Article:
In The Man Who Saw Everything, Saul Adler goes to East Germany in 1988 to do research and in exchange write a favorable report about the GDR. That is the very short description I can give about the plot of this book, but it is so much more than that.

Saul is a historian, a narcissistic, gorgeous-looking man whose narrative is deeply unreliable and it was both strange and fascinating to read. He’s clearly obsessed with himself and his own beauty, but also constantly defies gender in a nonchalant manner. He was one of the most interesting narrators I’ve seen in a long time. Little by little, we piece together what happened in East Berlin, the fate of the people in his life, but we’re never really sure if we’re reading the absolute truth. I found myself laughing sometimes, and at other times my heart broke to tiny, tiny pieces, which is a feat for a 200-page book! This engrossing, brilliant read was such a highlight for literary fiction this year for me, and I highly recommend it.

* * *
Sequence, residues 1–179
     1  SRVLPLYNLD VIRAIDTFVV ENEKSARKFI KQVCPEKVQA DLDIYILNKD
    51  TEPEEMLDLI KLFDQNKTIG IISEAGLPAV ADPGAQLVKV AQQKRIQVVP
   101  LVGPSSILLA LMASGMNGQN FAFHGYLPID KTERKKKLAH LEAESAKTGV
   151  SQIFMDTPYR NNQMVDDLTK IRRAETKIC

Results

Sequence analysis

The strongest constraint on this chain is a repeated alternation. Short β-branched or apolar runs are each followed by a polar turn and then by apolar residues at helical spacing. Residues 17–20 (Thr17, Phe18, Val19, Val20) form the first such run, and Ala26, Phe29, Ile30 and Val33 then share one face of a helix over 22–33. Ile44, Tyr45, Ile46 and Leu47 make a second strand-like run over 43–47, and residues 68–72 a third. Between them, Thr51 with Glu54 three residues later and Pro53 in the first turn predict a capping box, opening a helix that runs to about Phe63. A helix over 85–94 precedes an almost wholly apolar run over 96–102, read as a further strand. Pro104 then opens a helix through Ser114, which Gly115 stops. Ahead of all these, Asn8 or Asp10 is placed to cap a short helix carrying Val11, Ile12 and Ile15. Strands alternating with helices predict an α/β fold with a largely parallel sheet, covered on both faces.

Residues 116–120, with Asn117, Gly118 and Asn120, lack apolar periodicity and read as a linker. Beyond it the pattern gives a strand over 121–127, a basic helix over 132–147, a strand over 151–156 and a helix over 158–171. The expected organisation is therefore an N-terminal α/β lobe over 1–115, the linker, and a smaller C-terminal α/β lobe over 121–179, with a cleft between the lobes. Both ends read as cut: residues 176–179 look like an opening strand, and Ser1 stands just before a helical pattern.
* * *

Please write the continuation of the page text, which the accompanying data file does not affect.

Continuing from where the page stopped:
Review: In the Dream House: A Memoir, by Carmen Maria Machado

in the dream house carmen maria machado

Rating: ★★★★★

Categories: Memoir, LGBTQ+ (lesbian and bisexual)

Goodreads

In the Dream House is the true story of the author’s experience with violence in a queer relationship. The beautiful prose and the choose-your-own-adventure style of the book sets this apart and describes a story that has happened for as long as people have been in relationships, but is hardly ever acknowledged.

This is the first book by Carmen Maria Machado that I’ve read, and it immediately made me add Her Body and Other Parties to my to-be-read list. In the Dream House is one of the most difficult books I’ve read this year, a painful look into domestic violence in a queer couple, as experienced by Carmen herself. The author divides this story into several chapters, most of which are one page long, and told in different styles, and always in second person. Continue reading